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Implementing "Protected Users" and coming across this problem that I couldn't find a solution to anywhere. Cannot join computers to the domain with delegation permissions. Instead "Add workstation to the domain" right was assigned to a group.

Extensive background:

It is my understanding that members of protected users will be forced to use Kerberos authentication. In fact that's something I see when trying to join a workstation allowing a member of this group the following permissions on the Computers container:

Delegation at the "Computers" container:

  • Create computer objects - This object and all descendants

  • Read/write account restrictions - Descendant Computer objects

  • Validated write to service principal name - Descendant Computer objects

  • Validated write to DNS host name - Descendant Computer objects

  • Create all child objects - Descendant Computer objects

  • Reset password - Descendant Computer objects

Tested on two users: a user with "Protected Users" group membership and a user without "Protected Users" group membership. Both users are part of the delegation group.

Test itself:

When trying to add a computer to the domain a user without Protected Users group successfully adds the workstation to the domain. A user with Protected Users group will receive an error: "Account restrictions are preventing this user from signing in". I can see the NTLM authentication failure under the ProtectedUserFailures-DomainController

However changing the group policy to allow "Add workstations to the domain" by adding the group both users belong to will change the outcome to success on both. Now I can see info under ProtectedUserSuccesses-DomainController with Kerberos authentication.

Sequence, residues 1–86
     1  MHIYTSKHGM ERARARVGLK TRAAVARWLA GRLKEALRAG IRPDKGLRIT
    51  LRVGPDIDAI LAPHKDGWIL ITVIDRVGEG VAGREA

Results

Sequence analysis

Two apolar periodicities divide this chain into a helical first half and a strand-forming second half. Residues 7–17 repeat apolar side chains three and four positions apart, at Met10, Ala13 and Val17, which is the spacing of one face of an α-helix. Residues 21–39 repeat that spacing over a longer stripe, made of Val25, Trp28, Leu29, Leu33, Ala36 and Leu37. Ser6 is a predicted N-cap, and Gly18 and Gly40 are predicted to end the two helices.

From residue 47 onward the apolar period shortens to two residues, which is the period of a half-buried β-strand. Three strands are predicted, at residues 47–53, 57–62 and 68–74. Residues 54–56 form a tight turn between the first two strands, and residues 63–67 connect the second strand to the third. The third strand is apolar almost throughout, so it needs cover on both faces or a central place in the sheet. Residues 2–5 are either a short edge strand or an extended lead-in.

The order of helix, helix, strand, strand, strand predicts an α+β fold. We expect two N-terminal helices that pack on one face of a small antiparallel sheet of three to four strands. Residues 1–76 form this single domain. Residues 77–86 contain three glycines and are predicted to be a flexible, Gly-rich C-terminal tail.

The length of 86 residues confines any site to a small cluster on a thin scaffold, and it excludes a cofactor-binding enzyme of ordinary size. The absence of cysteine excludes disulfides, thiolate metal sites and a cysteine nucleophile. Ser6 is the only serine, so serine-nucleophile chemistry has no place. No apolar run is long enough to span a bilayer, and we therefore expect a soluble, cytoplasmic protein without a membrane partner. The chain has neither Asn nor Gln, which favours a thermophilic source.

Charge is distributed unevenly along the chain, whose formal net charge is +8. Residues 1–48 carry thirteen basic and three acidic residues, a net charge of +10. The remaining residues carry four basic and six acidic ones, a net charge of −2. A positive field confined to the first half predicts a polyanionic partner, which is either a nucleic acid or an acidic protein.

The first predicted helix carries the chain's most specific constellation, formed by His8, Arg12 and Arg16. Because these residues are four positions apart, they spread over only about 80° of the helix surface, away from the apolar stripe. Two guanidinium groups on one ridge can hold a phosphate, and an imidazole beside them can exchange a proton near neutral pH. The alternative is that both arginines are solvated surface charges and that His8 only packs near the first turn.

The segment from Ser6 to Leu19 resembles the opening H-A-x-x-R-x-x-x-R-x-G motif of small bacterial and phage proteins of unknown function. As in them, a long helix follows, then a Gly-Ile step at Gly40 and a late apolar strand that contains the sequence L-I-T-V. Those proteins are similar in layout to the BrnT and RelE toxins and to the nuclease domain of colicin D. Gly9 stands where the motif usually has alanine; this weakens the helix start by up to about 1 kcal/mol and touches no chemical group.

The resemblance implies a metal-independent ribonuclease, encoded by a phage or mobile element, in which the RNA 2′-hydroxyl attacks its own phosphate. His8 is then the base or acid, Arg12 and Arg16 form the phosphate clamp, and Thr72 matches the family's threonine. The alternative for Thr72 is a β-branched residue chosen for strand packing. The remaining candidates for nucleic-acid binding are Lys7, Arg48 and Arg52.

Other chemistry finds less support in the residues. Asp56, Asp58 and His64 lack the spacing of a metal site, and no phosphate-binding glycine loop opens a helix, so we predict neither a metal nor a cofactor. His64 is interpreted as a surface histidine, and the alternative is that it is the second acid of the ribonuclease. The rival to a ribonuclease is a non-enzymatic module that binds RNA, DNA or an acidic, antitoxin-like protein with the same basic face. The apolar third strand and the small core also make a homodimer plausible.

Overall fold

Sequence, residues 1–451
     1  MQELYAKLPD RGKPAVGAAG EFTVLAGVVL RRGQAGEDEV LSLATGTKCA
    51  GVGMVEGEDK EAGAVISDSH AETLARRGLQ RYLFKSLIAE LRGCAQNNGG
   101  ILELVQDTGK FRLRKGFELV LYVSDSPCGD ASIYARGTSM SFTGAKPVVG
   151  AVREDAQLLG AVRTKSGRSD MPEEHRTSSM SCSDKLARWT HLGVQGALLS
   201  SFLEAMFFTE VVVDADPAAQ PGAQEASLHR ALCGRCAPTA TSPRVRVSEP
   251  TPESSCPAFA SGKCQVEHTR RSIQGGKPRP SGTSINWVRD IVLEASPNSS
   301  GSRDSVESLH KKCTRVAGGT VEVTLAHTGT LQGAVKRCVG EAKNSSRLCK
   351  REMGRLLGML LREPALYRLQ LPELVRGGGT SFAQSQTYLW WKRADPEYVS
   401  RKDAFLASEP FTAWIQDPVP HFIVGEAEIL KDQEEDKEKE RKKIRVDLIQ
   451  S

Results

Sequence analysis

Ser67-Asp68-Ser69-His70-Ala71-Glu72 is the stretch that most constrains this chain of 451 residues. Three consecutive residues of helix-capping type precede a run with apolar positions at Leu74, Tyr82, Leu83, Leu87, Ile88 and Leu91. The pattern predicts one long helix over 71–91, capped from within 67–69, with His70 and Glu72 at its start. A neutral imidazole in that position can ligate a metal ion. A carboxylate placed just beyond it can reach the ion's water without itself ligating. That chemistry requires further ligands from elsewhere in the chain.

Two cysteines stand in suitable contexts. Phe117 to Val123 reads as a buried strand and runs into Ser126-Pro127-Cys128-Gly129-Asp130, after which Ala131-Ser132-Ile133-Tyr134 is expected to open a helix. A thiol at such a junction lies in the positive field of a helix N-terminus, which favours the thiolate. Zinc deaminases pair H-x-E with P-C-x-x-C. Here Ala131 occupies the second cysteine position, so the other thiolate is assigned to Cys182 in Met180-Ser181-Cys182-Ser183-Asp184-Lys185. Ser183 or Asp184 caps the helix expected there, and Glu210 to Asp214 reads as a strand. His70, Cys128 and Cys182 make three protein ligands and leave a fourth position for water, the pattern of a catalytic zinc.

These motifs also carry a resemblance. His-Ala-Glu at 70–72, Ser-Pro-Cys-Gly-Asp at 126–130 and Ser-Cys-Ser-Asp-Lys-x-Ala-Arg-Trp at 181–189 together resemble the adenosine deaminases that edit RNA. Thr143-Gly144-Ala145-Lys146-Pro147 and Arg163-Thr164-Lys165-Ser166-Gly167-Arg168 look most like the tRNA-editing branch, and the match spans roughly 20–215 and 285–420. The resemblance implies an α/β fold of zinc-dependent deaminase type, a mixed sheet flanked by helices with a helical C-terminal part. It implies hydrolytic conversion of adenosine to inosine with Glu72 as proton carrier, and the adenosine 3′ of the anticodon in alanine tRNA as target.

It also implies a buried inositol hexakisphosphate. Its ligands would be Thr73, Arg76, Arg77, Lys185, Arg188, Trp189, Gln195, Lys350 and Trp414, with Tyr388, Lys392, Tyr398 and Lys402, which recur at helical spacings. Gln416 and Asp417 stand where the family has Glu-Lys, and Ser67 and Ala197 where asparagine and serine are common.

So my question is: What mechanisms are in play and what permissions can I delegate to achieve the same result, or is this not possible? How come the user right allows this action to be completed for a member of "Protected Users" group, while simple delegation does not?

Before anyone asks, this was tested and works in prod as well as a simple test environment you can recreate with the info above.

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I suspect this is a problem because you are violating Microsoft's explicit recommendations by applying delegated permissions to the Computers container.

From Delegating Administration of Default Containers and OUs:

If you need to delegate control over users or computers, do not modify the default settings on the users and computers containers. Instead, create new OUs (as needed) and move the user and computer objects from their default containers and into the new OUs. Delegate control over the new OUs, as needed. We recommend that you not modify who controls the default containers.

So basically you can use the legacy Computers container and the corresponding "Add workstations to the domain" right or you can use proper OUs with delegated permissions, but if you choose to use the legacy Computers container you are not expected to be using delegated permissions. It should not therefore be surprising that Microsoft didn't test this particular scenario when they implemented Protected Users!

Note that if you are using separate OUs, joining a new computer to the domain becomes a two-step process: you must explicitly create the computer object in the desired OU before joining the computer to the domain.


More speculatively:

It seems likely that your current process is falling down when the new computer attempts to join the domain and finds that there is no existing computer object, in which case it automatically creates one in the Computers container. It would seem that this automated process, which is only required in the legacy scenario, only knows how to create a computer in either of two ways, one of which requires the "Add workstations to the domain" privilege and the other of which uses NTLM authentication.

The use of NTLM here might be an inherent limitation in the relevant protocol or it might just be an artifact of the legacy code used by the Windows client in this scenario. I suppose you could in principle reverse engineer this process by capturing the traffic between the server and client, but it probably isn't worth the effort that would be involved.

At any rate, you could test this theory by getting the protected user to explicitly create the new computer object in the Computers container (using Active Directory Users and Computers from a machine that is already in the domain) before attempting to join the new computer to the domain. I suspect you will find that this process works even without the "Add workstations to the domain" privilege.

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